Laszlo Krupl, Attorney at Law and Head of the Real Estate Practice in Hungary at Schoenherr, on the status of the Hungarian Real Estate Market in a COVID-19 world.
At the time of the COVID-19 pandemic, remote working became the “new normal” in many industries: large numbers of people who had previously worked and commuted across the border within the EU or Switzerland, had been forced to work from home. Telecommuting, however, worked out so well that most people would want to continue in this way. However, in terms of taxation, this can put them on thin ice, and not just them, but the companies employing these workers.
On September 9, 2020, CEE Legal Matters reported that the Kapolyi Law Firm had advised Duna House, a property brokerage group in Central and Eastern Europe, on its participation in the National Bank of Hungary's Growth Bond Program. CEEIHM spoke with Duna House Chief Financial Officer Daniel Schilling to learn more.
The extended deadline for implementing Strong Customer Authentication (“SCA”) expires on 31 December 2020. Originally, Hungarian laws prescribed 14 September 2019 as a deadline for the implementation of the new SCA, however, in parallel with the decision of the European Banking Authority, a new deadline has been set to 31 December 2020 by the Hungarian National Bank.
Noerr has advised UniCredit on financing it provided to South Korean real estate investment trust JR AMC for its acquisition of the Nordic Light Trio office building in Budapest from Skanska. Partos & Noblet — the Budapest office of Hogan Lovells — advised JR AMC on both the financing and the underlying acquisition, while Kinstellar advised Skanska.
DLK Legal in Poland and Kinstellar in Hungary and the Czech Republic have advised Infosys on its EUR 30 million acquisition of GuideVision. Osborne Clarke’s offices in the Netherlands, United Kingdom, and Germany, Sorainen in Belarus, and Castren & Snellman in Finland, reportedly also advised Infosys on the deal. Havel & Partners reportedly served as GuideVision’s advisor in the Czech Republic.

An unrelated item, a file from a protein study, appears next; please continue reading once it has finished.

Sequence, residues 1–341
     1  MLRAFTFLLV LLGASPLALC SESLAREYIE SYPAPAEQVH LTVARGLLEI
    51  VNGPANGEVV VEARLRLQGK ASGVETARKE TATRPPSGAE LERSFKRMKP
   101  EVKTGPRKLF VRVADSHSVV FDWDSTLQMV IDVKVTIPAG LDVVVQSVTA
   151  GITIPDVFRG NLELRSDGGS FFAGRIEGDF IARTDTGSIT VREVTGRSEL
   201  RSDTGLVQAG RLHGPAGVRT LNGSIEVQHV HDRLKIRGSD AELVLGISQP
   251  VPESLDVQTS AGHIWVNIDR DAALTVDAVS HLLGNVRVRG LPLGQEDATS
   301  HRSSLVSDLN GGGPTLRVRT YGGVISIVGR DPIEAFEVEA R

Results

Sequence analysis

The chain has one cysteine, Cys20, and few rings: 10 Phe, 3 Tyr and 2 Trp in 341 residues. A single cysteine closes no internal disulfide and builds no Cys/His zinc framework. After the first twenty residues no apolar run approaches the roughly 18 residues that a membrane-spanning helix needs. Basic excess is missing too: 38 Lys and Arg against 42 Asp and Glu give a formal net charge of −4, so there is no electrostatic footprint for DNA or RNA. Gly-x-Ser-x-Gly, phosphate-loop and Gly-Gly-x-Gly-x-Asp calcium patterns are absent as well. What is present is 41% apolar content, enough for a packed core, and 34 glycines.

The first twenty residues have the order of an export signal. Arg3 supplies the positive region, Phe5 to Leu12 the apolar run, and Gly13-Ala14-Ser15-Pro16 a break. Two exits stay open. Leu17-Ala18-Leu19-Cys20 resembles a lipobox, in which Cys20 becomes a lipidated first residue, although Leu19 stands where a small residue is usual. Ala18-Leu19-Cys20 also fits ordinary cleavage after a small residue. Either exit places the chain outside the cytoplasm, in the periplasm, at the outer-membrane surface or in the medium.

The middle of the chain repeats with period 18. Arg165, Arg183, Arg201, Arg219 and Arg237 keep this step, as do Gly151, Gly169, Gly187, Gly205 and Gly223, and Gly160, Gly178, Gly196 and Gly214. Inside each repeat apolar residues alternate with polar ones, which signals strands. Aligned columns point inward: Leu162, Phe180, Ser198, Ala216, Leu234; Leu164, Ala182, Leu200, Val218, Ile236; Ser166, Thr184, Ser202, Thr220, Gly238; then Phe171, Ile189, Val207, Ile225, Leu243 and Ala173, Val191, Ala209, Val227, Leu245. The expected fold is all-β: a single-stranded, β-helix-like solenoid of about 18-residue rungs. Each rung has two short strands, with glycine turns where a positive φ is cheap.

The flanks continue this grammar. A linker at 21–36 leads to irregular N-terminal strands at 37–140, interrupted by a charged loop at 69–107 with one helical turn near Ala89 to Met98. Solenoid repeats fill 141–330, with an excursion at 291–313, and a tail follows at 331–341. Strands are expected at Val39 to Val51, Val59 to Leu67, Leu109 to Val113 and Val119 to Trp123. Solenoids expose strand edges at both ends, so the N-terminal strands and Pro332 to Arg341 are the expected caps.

The coronavirus pandemic has an unprecedented effect on economy on a global level. Similarly to central European countries, the special situation caused by COVID-19 had an adverse effect on the performance of most branches of the national economy in Hungary as well. The Hungarian GDP declined with a historical 13.6% in the third quarter of 2020 compared to the same period of 2019.
The COVID-19 pandemic and the physical distancing measures force many employers to introduce telework (working from home) on a large scale. In order to respond the current challenges, in September 2020 the Hungarian Government set the objective to reform the regulations on teleworking. The purpose of the new rules is to allow more employers to introduce telework and also to make the regulation more flexible.
On 1 September 2020, a new government decree entered into force on travel restrictions during the pandemic period. Based on the new rules, Hungarian citizens arriving from abroad may get through a health inspection and in case of suspicion of contamination, the Hungarian citizen must be placed in quarantine. In case the suspicion of contamination has not been established by the health inspection, the Hungarian citizen also must be placed in official home quarantine or in quarantine determined by the pandemic authority for 14 days. In certain circumstances, the Hungarian citizen may be exempted from this quarantine obligation, if he/she arrives from the Czech Republic, the Slovak Republic or the Republic of Poland.
Who hasn’t queued at the in-store customer service desk to have their warranty stamped? Who hasn’t spent hours figuring out which brand service centre to take a faulty product to? And there are many more, similar nuisances we could add. However, changes in the warranty regulations are set to put an end to these from next year. But what’s good for consumers represents a major additional burden for vendors.
"I have a Slovak address card, so I don’t have to pay taxes in Hungary…" "I just have to make sure not to spend more than 183 days at home". "I’m a digital nomad, I don’t pay taxes anywhere." Many similar misconceptions circulate in Hungary regarding the rules of tax residence. However, tax regulations are “much smarter” than that and those who follow false illusions may even be exposed to criminal liability.